Charlie Wilson’s War is a witty, deft, solid-all-around, satirical political comedy with a stellar cast. Credit screenwriter Aaron Sorkin, whose whip-smart script adapted from the book by George Crile is tightly written, humorous, and unlike several other war films this year, it puts entertainment over message. Rather than preach, the film inspires us by showing what Charlie Wilson did in a creative and entertaining manner. Director Mike Nichols, who made a similar satirical political film ten years ago called Primary Colors, has made one of his more entertaining pictures.
The film is about the titular Charlie Wilson (Tom Hanks), an affable Congressman who became an unlikely, plucky world-changer as he helped supply Afghanistan with modern weaponry in order to defeat the Soviets in the Afghanistan War during the early 1980′s. It’s nice to see a director and writer who are wise enough to devote the film’s setup time to develop their main character so the audience can get to know Charlie Wilson and it certainly helps that he is no ordinary Congressman. He is, for lack of a better term, a playboy. He loves women. As a visitor in his office points out, all of his secretaries are women and they are all very pretty.
At the beginning of the film, Charlie is just himself as he is aware of a conflict in the Middle East but doesn’t understand the magnitude of it. But then one visit to an Afghan refugee camp in Pakistan quickly opens his eyes as he witnesses first hand of what the war the Soviets have waged has done to the area. Then he is angry to learn that the government is handling the matter in a skimp fashion. So he looks to take action. He needs money and lots of it and he needs a way to give the Afghans modern weapons covertly. Luckily he finds just the two individuals that can help him. First there’s Joanne Herring (Julia Roberts), an old acquaintance who happens to be passionately involved with the cause of ridding the world of communism and also happens to be the sixth wealthiest woman in Texas with resources to acquire the funds needed by Charlie. Then there’s CIA Agent Gust Avrakotos (Phillip Seymour Hoffman), who along with his colleagues are forming a strategy in Afghanistan and are looking for someone to help them financially.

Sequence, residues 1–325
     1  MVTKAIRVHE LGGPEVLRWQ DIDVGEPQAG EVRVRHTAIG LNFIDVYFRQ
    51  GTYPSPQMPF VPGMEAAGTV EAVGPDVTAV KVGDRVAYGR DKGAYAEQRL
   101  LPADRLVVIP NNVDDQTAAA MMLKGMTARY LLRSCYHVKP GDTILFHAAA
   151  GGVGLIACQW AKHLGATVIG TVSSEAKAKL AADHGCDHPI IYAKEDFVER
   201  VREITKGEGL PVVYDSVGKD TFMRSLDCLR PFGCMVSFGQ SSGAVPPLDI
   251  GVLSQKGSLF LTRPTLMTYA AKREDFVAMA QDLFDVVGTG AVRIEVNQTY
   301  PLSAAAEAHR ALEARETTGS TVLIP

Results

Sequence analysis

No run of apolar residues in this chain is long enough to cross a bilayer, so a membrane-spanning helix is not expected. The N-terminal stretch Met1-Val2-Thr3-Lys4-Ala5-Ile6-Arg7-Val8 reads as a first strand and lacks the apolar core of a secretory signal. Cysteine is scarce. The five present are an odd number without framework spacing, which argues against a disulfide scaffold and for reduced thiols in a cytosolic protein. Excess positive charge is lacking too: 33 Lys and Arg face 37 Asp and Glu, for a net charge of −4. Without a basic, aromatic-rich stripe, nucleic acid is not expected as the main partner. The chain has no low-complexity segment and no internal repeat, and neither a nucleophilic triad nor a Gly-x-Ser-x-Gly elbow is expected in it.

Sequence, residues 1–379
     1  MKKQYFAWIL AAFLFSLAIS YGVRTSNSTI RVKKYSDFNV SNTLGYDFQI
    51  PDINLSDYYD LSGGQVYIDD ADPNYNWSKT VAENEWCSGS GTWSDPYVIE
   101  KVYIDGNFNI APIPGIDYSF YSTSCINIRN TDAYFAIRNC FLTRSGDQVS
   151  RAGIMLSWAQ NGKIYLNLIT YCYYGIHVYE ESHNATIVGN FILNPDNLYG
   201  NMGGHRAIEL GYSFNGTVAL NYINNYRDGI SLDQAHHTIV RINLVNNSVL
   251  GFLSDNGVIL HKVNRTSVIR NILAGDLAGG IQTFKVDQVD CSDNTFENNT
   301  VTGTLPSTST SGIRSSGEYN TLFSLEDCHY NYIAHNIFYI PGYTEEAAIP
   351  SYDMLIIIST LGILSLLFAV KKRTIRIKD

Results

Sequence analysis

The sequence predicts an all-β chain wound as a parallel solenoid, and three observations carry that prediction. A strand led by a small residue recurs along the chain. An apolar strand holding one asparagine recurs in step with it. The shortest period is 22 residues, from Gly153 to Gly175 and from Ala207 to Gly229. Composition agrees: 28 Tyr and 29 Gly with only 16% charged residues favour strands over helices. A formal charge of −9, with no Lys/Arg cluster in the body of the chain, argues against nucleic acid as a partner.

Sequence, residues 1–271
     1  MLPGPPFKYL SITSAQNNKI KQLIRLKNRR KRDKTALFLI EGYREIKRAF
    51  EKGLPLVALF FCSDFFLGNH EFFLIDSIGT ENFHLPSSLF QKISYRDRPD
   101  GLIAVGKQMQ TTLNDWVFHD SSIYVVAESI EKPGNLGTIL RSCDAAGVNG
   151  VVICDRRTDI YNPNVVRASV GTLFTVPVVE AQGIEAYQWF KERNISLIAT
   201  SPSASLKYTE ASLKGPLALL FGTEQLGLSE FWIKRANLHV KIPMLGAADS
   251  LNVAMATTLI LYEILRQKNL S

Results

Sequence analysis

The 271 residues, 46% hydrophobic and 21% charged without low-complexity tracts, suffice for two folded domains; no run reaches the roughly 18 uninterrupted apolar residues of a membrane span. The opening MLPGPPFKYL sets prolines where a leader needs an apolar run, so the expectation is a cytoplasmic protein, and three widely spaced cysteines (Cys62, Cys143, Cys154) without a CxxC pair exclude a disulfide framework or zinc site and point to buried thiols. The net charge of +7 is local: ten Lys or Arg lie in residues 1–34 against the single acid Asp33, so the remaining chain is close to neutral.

This is Tom Hanks’ picture from start to finish, although his co-stars try their hardest to steal each scene they’re in. Hanks gives Charlie a sarcastic personality but never overuses it to become offensive. At first look you would think the man didn’t have a care in the world about other people’s troubles but Hanks does a wonderful job convincing us otherwise as we see that Charlie does in fact have a heart. Julia Roberts is a little underused, only coming into play predominately in the final thirty minutes. Her performance is good while it lasts, but it would have been nice to have seen more of her. Phillip Seymour Hoffman on the other hand is pitch-perfect as Gust, a man who speaks his mind. Hoffman delivers the best lines. What a wonderful actor. In one scene, Charlie tells Gust “You’re no James Bond” and Gust, not missing a beat, replies “You’re no Thomas Jefferson either so call us even.”
Charlie Wilson’s War is not a great film. When it leaves the lovable cast and tries to depict the atrocities committed by Soviets, including helicopters gunning down women and children, the film stumbles because these are scenes that don’t need a dark comedic edge. On the contrary, the film is at it’s best with some touching, character driven moments with Hanks, Roberts and Hoffman. Unlike the talkative Lions for Lambs, you can come away with an entertaining message movie that’s a breezy hour-and-a-half instead of one that is dragged out.
||Release Date: December 21, 2007
Rated: R for strong language, nudity/sexual content and some drug use.
Running Time: 97 min.
Cast: Tom Hanks, Julia Roberts, Philip Seymour Hoffman, Amy Adams
Director: Mike Nichols
Screenplay: Aaron Sorkin (screenplay), George Crile (book)
Studio: Universal Pictures
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